“Nature is resilient, but humans aren’t,” he told me. “There are too many people now, and we are outstripping the ability to replace oxygen. At some future point, everyone on Earth will suffocate. What troubles me so much is that we are doing this consciously.”

Desclaux doesn’t venture a guess about when that would happen. But, he said, “It won’t be within the political mandate of politicians who will have to answer for it.”

Nathaniel Palmer, a Rolling Stone reporter on an Antarctic expedition, noted that climate scientists increasingly avoid speaking publicly because so much of the news media gets things wrong. Oversimplifying, he wrote, allows vested interests to sow confusion.

One expert he quoted had a simple response for climate deniers: If you want a demonstration, put a plastic bag over your head and secure it around your neck.  

Bolsonaro perseveres with backing from Washington. A tropical Trump, he fires up rallies with bombast. He eased gun laws and extols the days when death-squad militias hunted down dissidents. He once famously told one critic she was too ugly to rape.

Writ large, the Amazon exemplifies Trump’s own headlong looting of American wilderness, watersheds, oil and mineral deposits, aquifers, wetlands and coastlines. Former lobbyists and land rapists oversee the government agencies meant to protect them.

U.S. foreign policy no longer pushes the big four “developing” nations, known as BRIC, to protect the environment. The B is Brazil. In Russia, Putin depends on oligarchs who savage ecology for oil and gas. India and China compete to plunder raw materials in poor countries.

“COP” — a U.N. framework meaning conference of the parties — began to confront climate change in 1997. After 20 meetings, the 2016 Paris Agreement offered hope. Then Trump withdrew the United States. Others broke promises. Today, COP-OUT is closer to it.

Beyond climate, the Amazon crisis is an immediate threat to people who have thrived there for at least 13,000 years, living in balance with its ecology. Whole communities are driven off and sometimes tortured by murderous armed gangs with apparent official backing.

Bolsonaro dismisses them as backward sub-humans. But anthropologists say Amazonian tribes devised a precise sun calendar 13,000 years ago. Some migrated north to build an elaborate city at Chaco Canyon in northern New Mexico. Rituals and paintings suggest links to Hopis and Zunis who trace back to Chaco.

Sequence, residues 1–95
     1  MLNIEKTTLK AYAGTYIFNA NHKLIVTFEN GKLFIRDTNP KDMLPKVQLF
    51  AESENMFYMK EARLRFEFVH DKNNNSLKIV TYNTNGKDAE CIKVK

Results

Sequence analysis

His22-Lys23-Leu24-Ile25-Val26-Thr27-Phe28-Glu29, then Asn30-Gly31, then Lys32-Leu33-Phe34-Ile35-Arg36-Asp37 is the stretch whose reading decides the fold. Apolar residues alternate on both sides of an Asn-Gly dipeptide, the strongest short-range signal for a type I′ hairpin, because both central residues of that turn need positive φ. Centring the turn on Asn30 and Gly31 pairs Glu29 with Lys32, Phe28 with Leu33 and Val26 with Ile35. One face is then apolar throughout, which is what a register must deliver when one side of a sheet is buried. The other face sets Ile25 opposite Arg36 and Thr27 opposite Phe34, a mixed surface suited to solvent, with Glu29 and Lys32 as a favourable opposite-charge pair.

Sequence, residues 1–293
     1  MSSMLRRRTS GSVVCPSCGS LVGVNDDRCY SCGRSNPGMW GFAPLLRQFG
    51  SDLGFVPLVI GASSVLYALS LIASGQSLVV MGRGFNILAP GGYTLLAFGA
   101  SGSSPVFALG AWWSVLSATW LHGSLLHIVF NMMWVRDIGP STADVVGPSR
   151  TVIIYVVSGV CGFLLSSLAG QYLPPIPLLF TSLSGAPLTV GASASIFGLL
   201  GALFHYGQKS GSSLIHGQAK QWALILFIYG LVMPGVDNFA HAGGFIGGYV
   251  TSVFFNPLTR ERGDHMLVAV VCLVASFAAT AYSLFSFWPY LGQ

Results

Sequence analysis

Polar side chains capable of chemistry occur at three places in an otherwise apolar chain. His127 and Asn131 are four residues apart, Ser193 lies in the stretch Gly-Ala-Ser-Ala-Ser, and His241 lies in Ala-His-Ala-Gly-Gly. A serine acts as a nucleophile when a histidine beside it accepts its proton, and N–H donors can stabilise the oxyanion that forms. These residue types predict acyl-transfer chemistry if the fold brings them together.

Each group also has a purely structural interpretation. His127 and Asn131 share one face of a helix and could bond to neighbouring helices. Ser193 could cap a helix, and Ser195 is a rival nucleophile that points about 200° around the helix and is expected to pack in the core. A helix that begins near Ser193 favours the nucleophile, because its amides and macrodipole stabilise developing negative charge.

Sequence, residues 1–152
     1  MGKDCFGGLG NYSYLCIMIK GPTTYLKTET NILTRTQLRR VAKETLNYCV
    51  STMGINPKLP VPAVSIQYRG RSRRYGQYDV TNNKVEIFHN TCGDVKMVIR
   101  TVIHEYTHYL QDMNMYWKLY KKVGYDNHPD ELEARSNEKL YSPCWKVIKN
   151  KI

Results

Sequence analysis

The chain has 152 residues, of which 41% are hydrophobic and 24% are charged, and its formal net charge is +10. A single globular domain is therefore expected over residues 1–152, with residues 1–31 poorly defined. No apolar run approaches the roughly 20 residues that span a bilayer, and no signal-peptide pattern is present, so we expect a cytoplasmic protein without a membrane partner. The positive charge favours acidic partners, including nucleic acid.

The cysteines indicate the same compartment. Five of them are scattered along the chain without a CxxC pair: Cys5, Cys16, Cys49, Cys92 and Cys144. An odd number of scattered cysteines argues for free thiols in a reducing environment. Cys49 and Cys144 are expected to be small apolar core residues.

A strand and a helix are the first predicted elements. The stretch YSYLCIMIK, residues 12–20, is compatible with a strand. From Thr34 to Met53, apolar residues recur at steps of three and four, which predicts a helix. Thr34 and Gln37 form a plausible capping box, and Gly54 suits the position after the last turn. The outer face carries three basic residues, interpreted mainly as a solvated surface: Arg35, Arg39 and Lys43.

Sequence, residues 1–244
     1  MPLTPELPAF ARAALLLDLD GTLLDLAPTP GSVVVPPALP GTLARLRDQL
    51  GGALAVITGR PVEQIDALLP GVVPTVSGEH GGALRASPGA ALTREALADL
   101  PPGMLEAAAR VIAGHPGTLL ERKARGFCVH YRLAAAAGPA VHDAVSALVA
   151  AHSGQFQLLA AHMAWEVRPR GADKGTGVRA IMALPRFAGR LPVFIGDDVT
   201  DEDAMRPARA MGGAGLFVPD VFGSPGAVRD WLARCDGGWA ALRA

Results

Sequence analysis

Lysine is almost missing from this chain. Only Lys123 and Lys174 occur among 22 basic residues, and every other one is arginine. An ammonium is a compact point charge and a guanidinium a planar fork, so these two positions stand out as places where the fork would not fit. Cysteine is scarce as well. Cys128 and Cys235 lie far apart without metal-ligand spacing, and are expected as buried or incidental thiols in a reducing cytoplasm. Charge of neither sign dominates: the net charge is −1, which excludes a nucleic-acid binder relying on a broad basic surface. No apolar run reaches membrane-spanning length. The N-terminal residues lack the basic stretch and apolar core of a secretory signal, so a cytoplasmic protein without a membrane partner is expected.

Back in 1859, John Stuart Mill argued that responsible nations had a duty to cross borders to protect people suffering from their governments if intentions were moral and not territorial. In recent decades, aid agencies seized on this idea as “humanitarian intervention.” As Syria demonstrates, however, this can be devilishly complicated.

Brazil takes this concept to a different level. Bolsonaro flips a finger at the outside world as he amps up plunder that imperils human survival. In a stunning display of ego, he said Brazil would accept G7 funds only if Macron apologized for his “gratuitous” criticism of a sovereign state.

After the summit, he provoked fury with a Facebook exchange. A Brazilian supporter posted a photo meme of his wife next to Brigitte Macron, 27 years older, saying the French president was simply jealous. Bolsonaro wrote (in translation): “Don’t humiliate the guy. LOL.”

At the closing press conference, Trump skirted a question about whether he still thought climate change was a hoax. He replied with a paean to America’s new role as energy superpower and boasted about opening the Alaskan wilderness to oil drilling.

“The United States has tremendous wealth…under its feet,” he said. “I’ve made that wealth come alive.” Oil and gas enriched America, he said, and he would not waste that windfall on alternative energy — a “dream.” When the reporter pressed for an answer on climate change, Trump turned his back and walked away.

In America, as in the Amazon and everywhere else, that economic wealth under our feet requires stripping away the natural wealth on top. Heedless gluttony racks up immediate profit. But then what?